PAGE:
Flogging on: a whip ’round the blogs
The publicity stunts are fairly easy to spot, as are the writers who are in it for the medium-to-long haul. Sometimes though a writer’s diary or an artist’s diary which concentrates on the actual gestation process can be fascinating, even if it is a fleeting thing. I’ve read some rippers by theatre directors in rehearsal periods (Ariette Taylor’s springs to mind, sorry, I don’t have a link) and by playwrights about the same jostling between writer and director (see George Hunka’s Superfluities for the playwright’s take on things!) as well as accounts by touring playwrights, dancers and comedians. Their scribblings are a combination of venting, processing and hypothesising. Here, the short-lived nature of the exercise isn’t necessarily a liability. The reader gets a glimpse into the mind of the creative artist caught in the act.
The latest addition to the pantheon is the improbably-titled Wake up Mr. Sleepy! Your Unconscious Mind Is Dead!, a blog by iconoclast theatre maker Richard Foreman. “Wake up Mr. Sleepy! Your Unconscious Mind Is Dead!” is the title of Foreman’s work in progress. (Ontological Theater’s production is scheduled to open at St Mark’s Church in New York on January 18th, 2007.)
Now that Communism is Dead my Life Feels Empty
But he writes in such a profoundly interesting way that readers on the far corner of the planet might well be interested. Especially those who are planning on seeing Max Lyandvert’s production of Foreman’s play Now that Communism is Dead my Life Feels Empty which is at the Malthouse Theatre, part of the 2006 Melbourne International Festival. Here’s a taste of Foreman’s musings:
Most theater depicts people navigating the currents of every-day life. I admit I find this suffocating and non-revelatory.The other great new blog on the theatre scene is by pro critic and editor David Cote, best known for his writings for Time Out New York. His blog is Histriomastix.
Instead, I am passionately interested in what throbs behind normal “social” life— a hypnotic yet inaccessible influence from levels both above and below that common life within which the impulsive twitches of the conditioned mind and body dance their every-day dance.
For me, the true JOY in art is to display such behavioral lurching in counterpoint against a more formal, non-human backdrop that is both literal (projected film tableaux) and symbolic (a relatively abstract grid of words and sounds) which combine to create contrapuntal complex patterns into which the human mind inevitably projects visions of the transcendence that haunts all non-human “empty space”-- that void that exists between everything from atomic particles, to mental concepts, to human beings, or individual moments of pulsating consciousness.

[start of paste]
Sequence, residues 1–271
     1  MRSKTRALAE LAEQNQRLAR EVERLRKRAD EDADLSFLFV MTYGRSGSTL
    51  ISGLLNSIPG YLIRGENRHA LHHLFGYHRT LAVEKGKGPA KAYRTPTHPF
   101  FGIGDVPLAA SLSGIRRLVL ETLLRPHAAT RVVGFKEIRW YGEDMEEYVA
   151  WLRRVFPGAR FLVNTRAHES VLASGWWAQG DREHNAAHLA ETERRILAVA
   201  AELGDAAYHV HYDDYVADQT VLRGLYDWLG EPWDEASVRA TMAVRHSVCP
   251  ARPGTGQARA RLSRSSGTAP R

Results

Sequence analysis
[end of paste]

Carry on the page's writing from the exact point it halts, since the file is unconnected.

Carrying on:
What I do in my theater is simply to layer different self contained ‘realms of being’ (image, sound, idea, or movement) over one another in ways that allow such overlapping layers to bleed through each other and create thereby, maps of new mental territory in which heightened sensibility re-energizes the internal mechanism we all share in common.
So—nothing to be afraid of or to anticipate as “hard to understand” in my plays, because one should not try to laboriously translate them into what they are not. They are NOT pictures of the “outer” world. They are NOT even pictures of the “inner” world. They simply use left over pieces of both inner and outer worlds to build a PARADISE where the mind and feelings dance as if the world were in fact—total music. (And perhaps it secretly is!)
I’m bloody envious at the way this man hit the ground running. It’s clear he had some pent-up creativity. (He is a reformed actor, incidentally, and appeared in a Foreman play in the late 20th century.) It is vented, big-time, is posts like Suffer the little children, which is ostensibly about the film Jesus Camp -- but really about Cote himself!
Locally, let me draw your attention to a couple of wildly different responses to Romeo Castellucci’s Tragedia Endogonidia Br. #04 Bruxelles. First up, Alison Croggon’s at Theatre Notes. Alison writes:
“This is work that communicates at levels both beneath and beyond speech, and it leaves you filled with a profound wordlessness. I don't think I have seen any theatre which so radically and powerfully questions the place and meaning of language.”And concludes her review, thus:
“This is work that remains essentially mysterious, in the way that human existence is mysterious, erupting beyond mere intellect to lodge in the psyche's obscurities. Where, believe me, it takes root: I had some very strange and disturbing dreams that night. Astounding, unforgettable theatre.”Cross town, Danny Episode (in his typically pithy way) dismisses the piece as “unmitigated crap.”
Danny also has an interview with Yumi Umiumare, butoh artist extraordinaire, who is appearing -- believe it or not -- in Ngapartje Ngapartje.
Camille O’Sullivan is a swinger...
(Photo: Marc Marnie, click on the image to enlarge.)
Last, but by no means least, George Hunka has taken the liberty of posting one of Camille O’Sullivan’s songs on-line, here. Have some smelling salts handy. It’s Nick Cave’s (Are You) The One I’ve Been Waiting For?
Update: Superfluities has moved... The home page is here.